Sources: Vancouver Sun, April 20 2012, Richmond, B.C. shooting victim tied to gangland hit; CBC British Colombia, April 20 2012, Police ID Richmond shooting victim; Canadian Press, April 28 2012, B.C. gangster with international crime connections killed in Mexico; CTV News, April 29 2012, Fears of gangland turf war; National Post, April 29 2012, B.C. gangster Thomas Gisby gunned down in Mexico; Vancouver Sun, May 2 2012, Vancouver drive-by shooting victim is high-profile gangster Ranjit Cheema; Globe and May, May 2 2012, Victim of daylight killing reportedly notorious B.C. gangster; CBC News, May 2 2012, Convicted Vancouver drug trafficker killed outside parents’ home; Mafiatoday.com, May 5 2012, With two deaths this week, killing season has returned to B.C.’s gangland; Vancouver Sun, May 14 2012, Hundreds attend funeral of gangster Ranjit Cheema amid strong police monitoring; Vancouver Sun, June 7 2012, North Vancouver Man with gang links killed in Ontario; Canadian Press, June 26 2012, Police identify victim of Vancouver-area shooting as gang co-founder; CBC British Colombia, June 26 2012, B.C. gangster identified as latest shooting victim
Organized Crime Genres
In May, Toronto police arrested Kujtim (Timmy) Lika, a man once called a “Kingpin of Albanian organized crime.” Police say the 47-year-old Lika is wanted for drug trafficking in New Jersey. He had been featured on the U.S. television show America’s Most Wanted. Its web site says the FBI identified Lika as an Albanian illegal immigrant from the former Yugoslavian republic of Macedonia. Toronto police helped the FBI nab Lika’s accomplice Myfit (Mike) Dika, who was arrested in Toronto in 2010. They have been looking for Lika ever since. CBC News reported an investigation into Albanian organized crime began in the U.S. in 2005. Named “Operation Black Eagle” after the two-headed eagle on the Albanian flag, the investigation focused largely on Lika and Dika. Investigators allege the pair shipped everything from heroin and guns to bootleg sneakers around the world. They managed to evade a 2009 mass arrest of fellow gang members in New Jersey and fled to Canada. Dika is being held in Toronto where he has been fighting extradition for two years.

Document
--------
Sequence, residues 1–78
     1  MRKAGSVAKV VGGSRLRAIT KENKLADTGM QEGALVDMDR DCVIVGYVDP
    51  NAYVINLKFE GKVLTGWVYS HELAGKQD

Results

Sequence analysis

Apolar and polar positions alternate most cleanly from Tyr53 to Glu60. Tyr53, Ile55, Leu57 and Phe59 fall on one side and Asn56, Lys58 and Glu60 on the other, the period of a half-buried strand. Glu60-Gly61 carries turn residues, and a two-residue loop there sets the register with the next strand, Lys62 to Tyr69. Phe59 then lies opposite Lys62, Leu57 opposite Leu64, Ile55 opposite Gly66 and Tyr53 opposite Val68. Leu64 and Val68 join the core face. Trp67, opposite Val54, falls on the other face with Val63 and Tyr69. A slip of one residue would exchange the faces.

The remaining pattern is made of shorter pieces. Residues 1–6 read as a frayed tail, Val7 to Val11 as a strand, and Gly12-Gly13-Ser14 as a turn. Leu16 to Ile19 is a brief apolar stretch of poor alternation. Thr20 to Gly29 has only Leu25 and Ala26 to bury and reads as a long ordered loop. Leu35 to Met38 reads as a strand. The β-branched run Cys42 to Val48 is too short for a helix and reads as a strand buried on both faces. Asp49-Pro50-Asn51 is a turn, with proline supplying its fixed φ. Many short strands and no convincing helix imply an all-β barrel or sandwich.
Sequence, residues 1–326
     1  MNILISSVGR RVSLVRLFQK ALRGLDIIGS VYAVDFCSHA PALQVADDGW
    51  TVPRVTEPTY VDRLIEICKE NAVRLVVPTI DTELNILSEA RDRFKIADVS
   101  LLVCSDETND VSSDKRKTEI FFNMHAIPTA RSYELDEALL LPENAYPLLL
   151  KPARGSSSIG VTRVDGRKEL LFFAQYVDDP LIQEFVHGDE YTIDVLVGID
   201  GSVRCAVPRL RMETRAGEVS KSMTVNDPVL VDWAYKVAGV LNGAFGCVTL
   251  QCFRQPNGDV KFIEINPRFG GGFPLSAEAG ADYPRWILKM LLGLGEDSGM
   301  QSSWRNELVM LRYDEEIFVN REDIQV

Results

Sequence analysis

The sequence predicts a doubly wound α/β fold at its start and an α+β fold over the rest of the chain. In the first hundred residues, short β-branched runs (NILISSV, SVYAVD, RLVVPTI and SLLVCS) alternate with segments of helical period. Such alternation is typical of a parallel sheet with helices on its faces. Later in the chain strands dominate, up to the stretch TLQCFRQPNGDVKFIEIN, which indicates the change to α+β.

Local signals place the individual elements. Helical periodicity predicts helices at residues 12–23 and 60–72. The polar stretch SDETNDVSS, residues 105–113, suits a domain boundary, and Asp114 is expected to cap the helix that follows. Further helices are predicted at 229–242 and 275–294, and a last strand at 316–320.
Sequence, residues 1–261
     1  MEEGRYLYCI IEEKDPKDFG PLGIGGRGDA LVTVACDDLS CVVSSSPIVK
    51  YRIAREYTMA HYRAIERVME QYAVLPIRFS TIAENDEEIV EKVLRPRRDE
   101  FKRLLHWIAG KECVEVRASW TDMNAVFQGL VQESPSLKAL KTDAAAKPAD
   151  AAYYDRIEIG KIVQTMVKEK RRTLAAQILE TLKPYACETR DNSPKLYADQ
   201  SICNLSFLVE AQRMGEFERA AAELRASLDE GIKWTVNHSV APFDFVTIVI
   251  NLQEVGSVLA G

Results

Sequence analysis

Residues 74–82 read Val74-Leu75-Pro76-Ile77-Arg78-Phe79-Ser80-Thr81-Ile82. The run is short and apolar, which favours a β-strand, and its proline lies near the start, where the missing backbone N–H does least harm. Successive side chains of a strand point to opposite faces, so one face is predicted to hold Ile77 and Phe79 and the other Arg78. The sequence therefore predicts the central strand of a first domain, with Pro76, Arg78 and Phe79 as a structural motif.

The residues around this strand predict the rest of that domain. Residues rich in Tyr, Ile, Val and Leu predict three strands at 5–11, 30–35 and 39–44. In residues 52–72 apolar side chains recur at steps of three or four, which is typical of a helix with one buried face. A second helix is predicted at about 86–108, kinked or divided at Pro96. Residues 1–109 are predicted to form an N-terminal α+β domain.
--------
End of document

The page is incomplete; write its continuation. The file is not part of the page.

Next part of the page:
Sources: CBC News, May 25, 2012, Kingpin in Albanian mafia arrested in Toronto; Canadian Press, May 24, 2012, ‘America’s Most Wanted’ fugitive arrested in Toronto, wanted by FBI; America’s Most Wanted web site, www.amw.com
In June 2010, 17 men were arrested and charged by the U.S. Attorney’s office in Manhattan with a long list of federal organized crime charges that included robbery, kidnapping, murder, drug dealing, weapons possession, conspiracy, extortion, arson, and obstruction of justice. All were from Albania. Authorities called it the Krasniqi Organization, a criminal enterprise run from 2003-2010 by two twenty-something Albanian brothers, Bruno and Saimir Krasniqi, who led a crew of hustlers, first in Michigan then in New York City. One of the Krasniqis’ hustles was to supplement their drug dealing and crime by stealing marijuana they got on consignment or from other suppliers or dealers. In 2005, they stole a 100-poiund package of marijuana they purchased on consignment from a Toronto-based Albanian dealer. The Canadian dealer responded to the theft by paying $50,000 to men who were described at the trial as hard, northern Albanians from the Bronx to kidnap Grezda in New York. They grabbed Grezda and transported him to Michigan, where they beat him until he agreed to participate in a plan to set up Bruno to be kidnapped. Grezda called and told Bruno to go to some spot in New York to pick him up. Bruno agreed. When he got to the spot he was jumped by the kidnappers. He was bound, tossed in a van, beaten, stabbed, had his head covered with a pillow case and had guns put in his mouth.
After serving six years in jail for his role in the wounding of Louise Russo, Pietro “Peter” Scarcella was freed from prison on April 11 under a statutory release program. Russo was the innocent victim of a botched mob hit at a North York sandwich shop in 2004; shot in the back, she is now paralyzed and confined to a wheelchair. Police alleged this shooting stemmed from a dispute between Scarcella and other organized crime figures during which Scarcella ordered the murder of some of his associates. According to police, Scarcella ran a number of illegal gambling and bookmaking operations in the Toronto region and was worried his business was being threatened at the time of the Russo shooting. Scarcella has long had connections with Italian organized crime in Canada. Scarcella was a lieutenant for the high profile Toronto Mafiosi Paul Volpe during the late 1970s and early 1980s and was the last person known to have seen him alive (his bullet-riddled body was found in a car trunk in 1983). According to Police, Scarcella also has ties to the Rizzuto crime family of Montreal. According to one recent media source, “Some organized crime watchers say Pietro “Peter” Scarcella could be a target in a continuing mob war against Montreal’s Rizzuto crime family. But others believe the man solidified his place in the murderous hierarchy of organized crime and will emerge stronger than when he entered the prison system — that the risk of his demise is no greater than anyone else in the world of organized crime, police sources say.”
Sources: Globe and Mail, April 16, 2005, Mob war led to Russo shooting, sources say; Toronto Sun, April 3 2012, Boss of “Scarcella” family to be released from federal prison,